In the US Pacific Northwest, many wild mushroom pickers are refugees from Laos and Cambodia who left their countries following the destruction and displacements of the US-Indochina War and the civil wars that followed.  After a decade in refugee camps in Thailand, they moved to the United States in the 1980s just as the apparatus of welfare was being dismantled.  Without urban job training, capital, or English, they had to think of alternative livelihoods.  Picking mushrooms in the national forests beckoned.  There they joined traumatized white veterans, displaced loggers, white rural traditionalists, undocumented Latinos, and Native American survivors of federal theft and settler violence.  Mushroom picking is a diverse and cosmopolitan scene—and one that mirrors the cosmopolitanism of political and economic displacement around the world. Finding livelihoods in the cracks and ruins of industrialization and imperial war is what most people do today to get by.  At best, we hope for collaborative tactics of survival in which humans and the resources we need to muddle along do not destroy each other.  This brings me back to the mushrooms.

Matsutake are hard to find: thus the fever.  Despite millions of yen invested in cultivation experiments, no one has successfully produced a matsutake mushroom in a laboratory or a plantation.  Matsutake are found only in forests, where they grow together with the roots of trees.  Even those familiar with the forest have a challenge.  Matsutake hide under the duff; perfect buttons are underground, and the determined forager must search for a thin crack to discover the mushroom coming up below.  Not any forest will do; matsutake are companions with particular host trees, with which they make a living.  Matsutake secrete strong acids, which release nutrients for pioneer trees such as pine, which grow in daunting places. Matsutake and pine are partners on rocky, sandy, and eroded ground; they are survivors of many troubles.  Matsutake make it possible for forests to grow where otherwise no trees might find sustenance. Perhaps they can teach us something about collaborative survival after progress.

In the US Pacific Northwest, matsutake are creatures of ruined industrial forests.  Their prevalence, indeed, seems rather recent, the result of a surprising ecological history. In the eastern Cascades, the great ponderosa pines nurtured by Native American burning were felled for industrial timber.  Without burning, ponderosas did not come back easily; fire exclusion allowed much smaller lodgepoles to take their place.  Anyone who sees photographs of the early-20th-century forest, with its towering giants, cannot but feel the force of progress’ ruin in the scrappy, crowded, and stunted forest that has replaced those giants.  Even when lodgepoles grow tall, their timber is not worth much.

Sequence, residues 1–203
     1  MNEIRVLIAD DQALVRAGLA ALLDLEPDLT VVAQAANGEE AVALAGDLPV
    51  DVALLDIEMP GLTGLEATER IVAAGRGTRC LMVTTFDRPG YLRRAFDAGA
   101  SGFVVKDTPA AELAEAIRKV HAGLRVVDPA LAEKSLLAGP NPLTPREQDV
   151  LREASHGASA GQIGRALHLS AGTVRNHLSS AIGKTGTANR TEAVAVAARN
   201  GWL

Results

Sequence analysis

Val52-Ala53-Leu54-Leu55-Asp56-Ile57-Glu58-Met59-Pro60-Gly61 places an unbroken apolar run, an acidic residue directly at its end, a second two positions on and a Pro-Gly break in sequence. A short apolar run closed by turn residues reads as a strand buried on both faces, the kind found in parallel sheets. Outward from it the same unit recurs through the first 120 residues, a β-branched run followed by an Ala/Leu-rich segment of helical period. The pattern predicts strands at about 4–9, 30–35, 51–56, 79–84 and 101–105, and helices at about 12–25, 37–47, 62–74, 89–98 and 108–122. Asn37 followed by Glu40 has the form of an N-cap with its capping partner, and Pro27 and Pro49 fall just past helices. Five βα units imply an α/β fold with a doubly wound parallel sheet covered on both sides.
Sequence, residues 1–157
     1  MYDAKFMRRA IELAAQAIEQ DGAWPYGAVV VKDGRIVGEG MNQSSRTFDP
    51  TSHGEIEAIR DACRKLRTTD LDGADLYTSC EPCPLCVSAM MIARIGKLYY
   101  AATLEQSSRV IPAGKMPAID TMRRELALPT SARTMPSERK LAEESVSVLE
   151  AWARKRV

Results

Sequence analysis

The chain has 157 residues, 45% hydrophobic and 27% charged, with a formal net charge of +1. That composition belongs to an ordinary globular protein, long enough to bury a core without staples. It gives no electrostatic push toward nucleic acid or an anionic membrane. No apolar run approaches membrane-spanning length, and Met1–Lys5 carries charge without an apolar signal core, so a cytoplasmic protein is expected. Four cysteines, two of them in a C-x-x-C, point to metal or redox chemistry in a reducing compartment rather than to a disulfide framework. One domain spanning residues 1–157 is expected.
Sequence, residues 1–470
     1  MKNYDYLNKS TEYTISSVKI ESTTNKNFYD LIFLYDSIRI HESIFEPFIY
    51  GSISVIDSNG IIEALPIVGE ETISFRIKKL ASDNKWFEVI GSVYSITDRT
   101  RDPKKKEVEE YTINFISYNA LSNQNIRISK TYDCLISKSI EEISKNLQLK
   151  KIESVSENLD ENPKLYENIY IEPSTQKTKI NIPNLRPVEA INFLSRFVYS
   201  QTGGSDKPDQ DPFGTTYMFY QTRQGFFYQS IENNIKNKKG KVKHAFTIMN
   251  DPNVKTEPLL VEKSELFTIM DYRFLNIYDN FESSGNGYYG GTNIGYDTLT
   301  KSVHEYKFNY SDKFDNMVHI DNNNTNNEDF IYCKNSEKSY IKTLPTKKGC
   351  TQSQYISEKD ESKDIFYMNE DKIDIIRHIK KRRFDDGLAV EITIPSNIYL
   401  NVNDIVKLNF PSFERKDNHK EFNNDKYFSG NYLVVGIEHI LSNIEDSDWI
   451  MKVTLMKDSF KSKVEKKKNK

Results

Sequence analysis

But something new happened as lodgepoles—which burned easily in the frequent, low-intensity fires of the past—began to make it into old age, without fire.  Matsutake popped up, an eager companion to mature lodgepole.  Loggers were no longer much needed; but pickers flocked to the forests. A weed replaced an industrial product.  What a surprising outcome of the “jobs versus the environment” struggles that riveted the Pacific Northwest in the 1990s!  This too tells me something about our times.  It’s only the hardiest weeds that can survive the industrialization of the natural world, with its destruction of ecological relations.  We are going to have to hope that at least a few of those weeds are life-sustaining for us and other creatures—as is matsutake.

Ecological modernists tell us these are wonderful times for re-engineering the world.  Progress, they tell us, is all we need.  They imagine the earth as an uninhabited planet, ready for their feats of terraformation.  Like other progress mavens, they do not think about the ecological relations necessary to sustain life.  “If we need more resources,” they say, “why not add more plantations?”  Yet mushrooms show us: forests are not plantations; they require interspecies collaborations.  Adding more of the destructive practices that put us here—but on a bigger scale—will only make things worse.  What if instead we admit that humans are unable to live without other species? This means we must learn something about what it takes to make places livable, not for humans alone but for ensembles of humans and others.  “What kinds of human disturbance,” we might ask, “maintain interspecies relations?” Instead of 20th-century dreams, in which all growth is good, we will need humbler, more livable ambitions.  We will need to work with precarity.

My starting place, then, is to notice what it takes to sustain a landscape, a community, or an ecosystem.  Without attention to survival as a more-than-human collaborative project, we don’t have much of a chance.  Of course, there is indeterminacy here.  But this is the small thrill of mushrooms: you never know if you will find them.  Picking mushroom lets us consider our best chances at the end of progress.


The Mushroom at the End of the World (Princeton Univ. Press, 2015)